Best case scenario post-liberal order based upon sphere of influence. Worst case is a cold war/proxy war/ hot war over (a) upholding the liberal world order or (b), fighting to establish where lines of influence will be drawn from the perspective of national interest.

  8. AI could mean the end of humanity.

  9. Yes, it’s probably not going to be a bad thing. But change is never good when things are going great – it ain’t broken, why fix it? There’s always the risk of things turning south, which could lead to troubles if the leader is not universally seen as legitimate. I guess some guys behind the scenes are grumbling, because their careers were slowed down or stopped due to Xi and his team not stepping aside.

  10. Lemurmaniac says

    Don’t Jobbik have some bizarre pro-kebab policy based upon distant linguistic convergence? They also have an imperial vision to restore ‘Greater Hungary.’

    One gets the distinct impression the degree of ‘based-ness’ in Eastern European countries is a legacy effect of the Soviet freeze on social opinion. The (corrupt) leaders pander to these sentiments lest they be turfed out on their ear, but they have no real convictions themselves. The ‘resistance’ to the West European poz model may merely be a function of a pace of “progress” here a society in the early stages of that development vector can’t come to terms with…yet.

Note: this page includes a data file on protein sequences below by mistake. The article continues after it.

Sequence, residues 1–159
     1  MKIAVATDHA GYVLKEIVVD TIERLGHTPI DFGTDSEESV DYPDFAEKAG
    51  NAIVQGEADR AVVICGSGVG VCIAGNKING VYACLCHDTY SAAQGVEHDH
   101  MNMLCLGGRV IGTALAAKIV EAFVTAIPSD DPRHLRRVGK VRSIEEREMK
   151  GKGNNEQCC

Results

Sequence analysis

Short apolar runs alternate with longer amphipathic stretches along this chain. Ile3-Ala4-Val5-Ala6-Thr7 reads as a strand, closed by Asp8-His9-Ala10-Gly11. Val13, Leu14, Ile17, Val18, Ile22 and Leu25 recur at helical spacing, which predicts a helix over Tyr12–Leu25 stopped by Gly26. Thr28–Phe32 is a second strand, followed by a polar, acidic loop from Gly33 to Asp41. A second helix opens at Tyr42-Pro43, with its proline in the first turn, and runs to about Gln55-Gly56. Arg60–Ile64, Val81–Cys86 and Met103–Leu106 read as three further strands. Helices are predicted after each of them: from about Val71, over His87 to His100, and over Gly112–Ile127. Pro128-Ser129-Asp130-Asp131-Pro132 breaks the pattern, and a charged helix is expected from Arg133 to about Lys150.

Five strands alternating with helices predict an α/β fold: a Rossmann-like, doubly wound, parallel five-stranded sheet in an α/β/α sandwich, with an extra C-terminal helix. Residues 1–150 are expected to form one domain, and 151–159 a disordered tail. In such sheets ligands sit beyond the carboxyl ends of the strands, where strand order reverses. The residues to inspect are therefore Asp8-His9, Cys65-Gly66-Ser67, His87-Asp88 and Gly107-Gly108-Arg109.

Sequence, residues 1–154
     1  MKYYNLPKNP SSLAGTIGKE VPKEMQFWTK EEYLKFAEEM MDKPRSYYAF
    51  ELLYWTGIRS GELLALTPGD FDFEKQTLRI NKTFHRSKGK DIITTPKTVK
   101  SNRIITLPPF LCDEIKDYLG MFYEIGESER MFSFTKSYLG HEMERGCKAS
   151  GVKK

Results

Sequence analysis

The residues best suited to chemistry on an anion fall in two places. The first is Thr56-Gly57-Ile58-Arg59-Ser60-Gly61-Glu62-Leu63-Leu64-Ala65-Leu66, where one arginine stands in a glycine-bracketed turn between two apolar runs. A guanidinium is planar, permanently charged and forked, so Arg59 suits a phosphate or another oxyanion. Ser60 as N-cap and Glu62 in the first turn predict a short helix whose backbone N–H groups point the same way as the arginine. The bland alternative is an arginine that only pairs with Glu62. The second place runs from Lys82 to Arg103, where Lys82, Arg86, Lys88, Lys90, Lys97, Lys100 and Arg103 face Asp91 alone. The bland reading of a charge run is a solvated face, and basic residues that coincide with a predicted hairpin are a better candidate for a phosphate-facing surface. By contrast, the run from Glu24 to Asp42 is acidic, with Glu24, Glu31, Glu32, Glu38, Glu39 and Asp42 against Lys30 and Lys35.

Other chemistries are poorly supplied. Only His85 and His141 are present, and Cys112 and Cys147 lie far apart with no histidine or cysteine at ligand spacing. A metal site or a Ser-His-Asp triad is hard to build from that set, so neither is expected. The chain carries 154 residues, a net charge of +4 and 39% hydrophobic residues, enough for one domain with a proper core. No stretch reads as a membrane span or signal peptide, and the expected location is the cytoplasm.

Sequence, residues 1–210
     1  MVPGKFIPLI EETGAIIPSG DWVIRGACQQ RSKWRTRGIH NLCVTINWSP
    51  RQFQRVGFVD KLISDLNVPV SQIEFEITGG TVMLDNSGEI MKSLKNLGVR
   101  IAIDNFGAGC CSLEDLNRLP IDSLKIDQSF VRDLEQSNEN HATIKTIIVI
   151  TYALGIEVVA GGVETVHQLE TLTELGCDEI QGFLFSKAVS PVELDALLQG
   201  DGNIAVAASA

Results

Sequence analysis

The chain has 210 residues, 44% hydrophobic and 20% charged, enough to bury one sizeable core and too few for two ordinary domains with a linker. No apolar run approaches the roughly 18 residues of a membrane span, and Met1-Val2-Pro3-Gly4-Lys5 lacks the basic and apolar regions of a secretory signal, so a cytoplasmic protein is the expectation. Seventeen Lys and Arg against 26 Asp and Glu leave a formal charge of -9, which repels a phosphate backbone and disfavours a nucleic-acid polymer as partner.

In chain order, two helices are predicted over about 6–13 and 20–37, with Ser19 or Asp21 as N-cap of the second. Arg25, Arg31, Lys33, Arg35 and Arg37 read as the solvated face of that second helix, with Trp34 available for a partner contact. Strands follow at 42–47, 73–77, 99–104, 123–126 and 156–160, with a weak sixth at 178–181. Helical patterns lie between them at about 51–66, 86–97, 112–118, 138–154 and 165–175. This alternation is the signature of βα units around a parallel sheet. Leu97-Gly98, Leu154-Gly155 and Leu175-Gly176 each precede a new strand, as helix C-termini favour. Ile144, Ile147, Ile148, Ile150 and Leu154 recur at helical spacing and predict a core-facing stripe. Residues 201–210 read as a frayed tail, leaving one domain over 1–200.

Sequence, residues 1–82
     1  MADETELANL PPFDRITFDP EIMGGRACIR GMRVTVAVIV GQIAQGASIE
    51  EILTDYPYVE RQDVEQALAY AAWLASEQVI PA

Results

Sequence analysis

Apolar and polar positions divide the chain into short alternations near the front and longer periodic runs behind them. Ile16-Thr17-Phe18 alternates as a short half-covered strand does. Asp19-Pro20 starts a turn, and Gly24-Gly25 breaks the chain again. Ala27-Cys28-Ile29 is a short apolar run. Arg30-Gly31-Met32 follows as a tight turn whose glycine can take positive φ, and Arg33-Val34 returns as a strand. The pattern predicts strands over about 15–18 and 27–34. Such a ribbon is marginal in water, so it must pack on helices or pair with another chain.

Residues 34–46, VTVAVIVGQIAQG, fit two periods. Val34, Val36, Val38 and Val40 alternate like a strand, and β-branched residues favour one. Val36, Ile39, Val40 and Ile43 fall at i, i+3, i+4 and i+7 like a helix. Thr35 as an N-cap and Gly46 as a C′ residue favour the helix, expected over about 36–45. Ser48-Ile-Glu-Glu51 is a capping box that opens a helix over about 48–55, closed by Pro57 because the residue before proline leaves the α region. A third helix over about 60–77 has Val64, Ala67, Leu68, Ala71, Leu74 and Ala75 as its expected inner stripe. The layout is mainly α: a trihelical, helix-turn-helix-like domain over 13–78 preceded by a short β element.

What East Europeans (and all whites in general) need is a fundamental rupture with liberalism that devotes the energies of the good and the smart toward an age of fraternal nationalism. Without metapolitics, without human capital, and without the capacity to solve every day bread and butter problems, we will always lose to globo-homo managerialists.

  11. The CCP’s reluctance to give up power, I believe, would also extend to any form of AI, even low level stuff. They will use it only as an aid, never a replacement. Indeed, AI is probably one of the only things that could make them give up power, albeit in in a rise of machines way or else external pressures.

  12. Daniel Chieh says

    Not really. Its the Kaczynski debacle: when you have a chess program telling you what is the best move to make, you have a huge advantage and you should always take that move(if your terminal goal here is to win). You also are no longer playing.

    The CCP will most likely use AI to assist in decision-making, and this will gradually increase until they are making fairly optimal decisions. At that point, they will still feel in control because they will be making the declarations, etc. But it wouldn’t really be them who are making the decisions at that point, in any normal sense of it. They’re just the meat puppets doing the will of the God Machine.

  13. It seems to me diversity only started to become a real political force after the end of the Cold War. Some may say it was just coincidental – that it was a snowball gathering mass until it reached some threshold. There certainly were open border politicians before then, but I wonder if perhaps having a real competitor made a difference. Made people more rational, less utopian.